The bill will allow use of marijuana oil and extracts, while still
prohibiting the smoking of the drug, to treat or alleviate the
symptoms of a long list of ailments including autism, epileptic
seizures and nausea brought on by chemotherapy.
The bill, which passed by a 149-46 vote in the state House of
Representatives, sets up an infrastructure for growing,
distributing, regulating and taxing medical marijuana.
Statewide opinion polls consistently show that 88 percent or more of
Pennsylvanians support medical marijuana. That reflects a 50-year
national trend toward general acceptance of marijuana, especially
among younger and more liberal Americans.
"Marijuana is medicine and it's coming to Pennsylvania," state
Senator Daylin Leach, a Democrat from the Philadelphia suburbs who
was one of two prime sponsors of the bill, said following the vote.
"Children with intractable epilepsy, veterans with PTSD,
grandparents with cancer, and thousands of other sick Pennsylvanians
will finally get the help they need."
The other prime sponsor, state Senator Mike Folmer, a Republican
from Lebanon, has said on his website that his own experience as a
cancer patient led him to believe patients "should have every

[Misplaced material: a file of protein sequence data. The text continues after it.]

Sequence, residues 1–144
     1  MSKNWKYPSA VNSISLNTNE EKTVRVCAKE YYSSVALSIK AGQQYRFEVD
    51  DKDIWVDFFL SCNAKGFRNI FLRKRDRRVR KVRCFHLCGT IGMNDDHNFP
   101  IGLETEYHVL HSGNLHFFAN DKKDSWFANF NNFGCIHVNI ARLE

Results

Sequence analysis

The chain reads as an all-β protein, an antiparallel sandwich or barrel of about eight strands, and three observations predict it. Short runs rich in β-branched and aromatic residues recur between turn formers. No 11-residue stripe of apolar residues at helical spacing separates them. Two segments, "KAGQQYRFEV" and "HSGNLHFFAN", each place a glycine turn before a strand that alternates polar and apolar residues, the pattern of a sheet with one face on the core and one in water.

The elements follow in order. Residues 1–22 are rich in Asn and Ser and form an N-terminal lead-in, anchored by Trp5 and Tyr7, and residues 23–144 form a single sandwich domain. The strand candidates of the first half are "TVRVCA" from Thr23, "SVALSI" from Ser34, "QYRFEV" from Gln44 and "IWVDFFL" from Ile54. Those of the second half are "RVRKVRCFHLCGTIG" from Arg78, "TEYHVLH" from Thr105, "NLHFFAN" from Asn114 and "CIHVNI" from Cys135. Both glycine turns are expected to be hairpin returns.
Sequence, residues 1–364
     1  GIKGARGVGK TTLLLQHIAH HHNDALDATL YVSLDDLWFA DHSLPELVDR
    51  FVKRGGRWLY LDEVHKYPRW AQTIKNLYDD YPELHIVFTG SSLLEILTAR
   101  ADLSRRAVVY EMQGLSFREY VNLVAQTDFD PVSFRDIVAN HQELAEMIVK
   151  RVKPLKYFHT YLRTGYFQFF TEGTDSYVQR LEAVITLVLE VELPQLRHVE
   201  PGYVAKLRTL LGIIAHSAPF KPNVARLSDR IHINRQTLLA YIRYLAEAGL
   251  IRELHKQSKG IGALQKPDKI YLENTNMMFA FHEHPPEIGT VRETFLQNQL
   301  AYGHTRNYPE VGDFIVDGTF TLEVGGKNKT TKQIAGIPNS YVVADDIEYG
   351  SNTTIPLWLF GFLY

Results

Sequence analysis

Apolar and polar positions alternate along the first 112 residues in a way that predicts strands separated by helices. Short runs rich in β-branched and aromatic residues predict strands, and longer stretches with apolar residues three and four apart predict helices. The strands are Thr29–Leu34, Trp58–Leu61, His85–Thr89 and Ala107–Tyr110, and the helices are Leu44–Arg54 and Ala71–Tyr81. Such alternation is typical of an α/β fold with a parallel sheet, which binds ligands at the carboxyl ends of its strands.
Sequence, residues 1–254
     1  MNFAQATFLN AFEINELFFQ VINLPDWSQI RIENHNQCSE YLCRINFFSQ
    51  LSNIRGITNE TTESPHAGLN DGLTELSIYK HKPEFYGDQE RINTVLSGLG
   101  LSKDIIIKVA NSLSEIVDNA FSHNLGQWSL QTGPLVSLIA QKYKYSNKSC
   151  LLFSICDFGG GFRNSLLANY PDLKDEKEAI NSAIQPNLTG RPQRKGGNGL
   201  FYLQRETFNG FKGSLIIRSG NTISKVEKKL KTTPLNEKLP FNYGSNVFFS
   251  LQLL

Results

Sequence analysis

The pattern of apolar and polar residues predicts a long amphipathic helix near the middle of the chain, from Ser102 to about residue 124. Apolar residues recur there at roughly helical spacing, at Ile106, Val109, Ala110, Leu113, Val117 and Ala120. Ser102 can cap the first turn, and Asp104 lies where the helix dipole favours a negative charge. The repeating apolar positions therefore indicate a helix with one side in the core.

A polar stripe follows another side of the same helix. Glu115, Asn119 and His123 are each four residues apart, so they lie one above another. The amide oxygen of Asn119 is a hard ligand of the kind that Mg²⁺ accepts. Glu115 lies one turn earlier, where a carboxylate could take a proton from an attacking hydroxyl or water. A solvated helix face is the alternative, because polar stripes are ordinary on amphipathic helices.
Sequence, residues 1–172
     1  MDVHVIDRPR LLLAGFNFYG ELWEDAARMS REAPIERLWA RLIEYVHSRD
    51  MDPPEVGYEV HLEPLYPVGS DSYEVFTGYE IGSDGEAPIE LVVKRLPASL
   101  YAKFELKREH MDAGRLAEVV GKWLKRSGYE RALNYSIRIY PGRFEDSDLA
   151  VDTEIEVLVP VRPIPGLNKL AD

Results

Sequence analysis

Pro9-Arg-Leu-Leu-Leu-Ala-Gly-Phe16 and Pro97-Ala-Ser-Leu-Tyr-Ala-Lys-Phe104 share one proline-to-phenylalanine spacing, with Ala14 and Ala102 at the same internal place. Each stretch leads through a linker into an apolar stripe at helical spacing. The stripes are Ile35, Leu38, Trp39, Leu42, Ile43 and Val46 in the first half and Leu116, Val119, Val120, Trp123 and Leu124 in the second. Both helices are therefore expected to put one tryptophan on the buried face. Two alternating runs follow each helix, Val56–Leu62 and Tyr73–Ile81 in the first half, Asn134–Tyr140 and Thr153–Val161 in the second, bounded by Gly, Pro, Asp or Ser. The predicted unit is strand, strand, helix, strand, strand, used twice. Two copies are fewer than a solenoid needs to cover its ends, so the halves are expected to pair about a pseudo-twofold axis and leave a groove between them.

opportunity to combat their illness," including use of medical
The Pennsylvania Senate passed the Folmer-Leach bill last year, but
it stalled in the House because of vehement opposition from
Republican House Speaker Mike Turzai. A spokesman for Leach credited
House Majority Leader Dave Reed, also a Republican, with easing the
bill around the speaker's opposition.
[to top of second column]
The state's first medical marijuana bill was introduced by former
Representative Allen Kukovich, a Democrat from the Pittsburgh
suburbs, in 1979. He said Wednesday that he was inspired by early
research showing the drug benefited patients with extreme seizure
disorder, as many as 100 seizures per day.
"It never moved," Kukovich said in an interview. "It got no support
from the leadership in either party. Marijuana was being demonized
Four U.S. states, Colorado, Washington, Oregon and Alaska, as well
as the District of Columbia, in the past few years have legalized
recreational marijuana use through ballot initiatives. Voters in
five more states are to vote on legalization in November. The drug
remains illegal under federal law.
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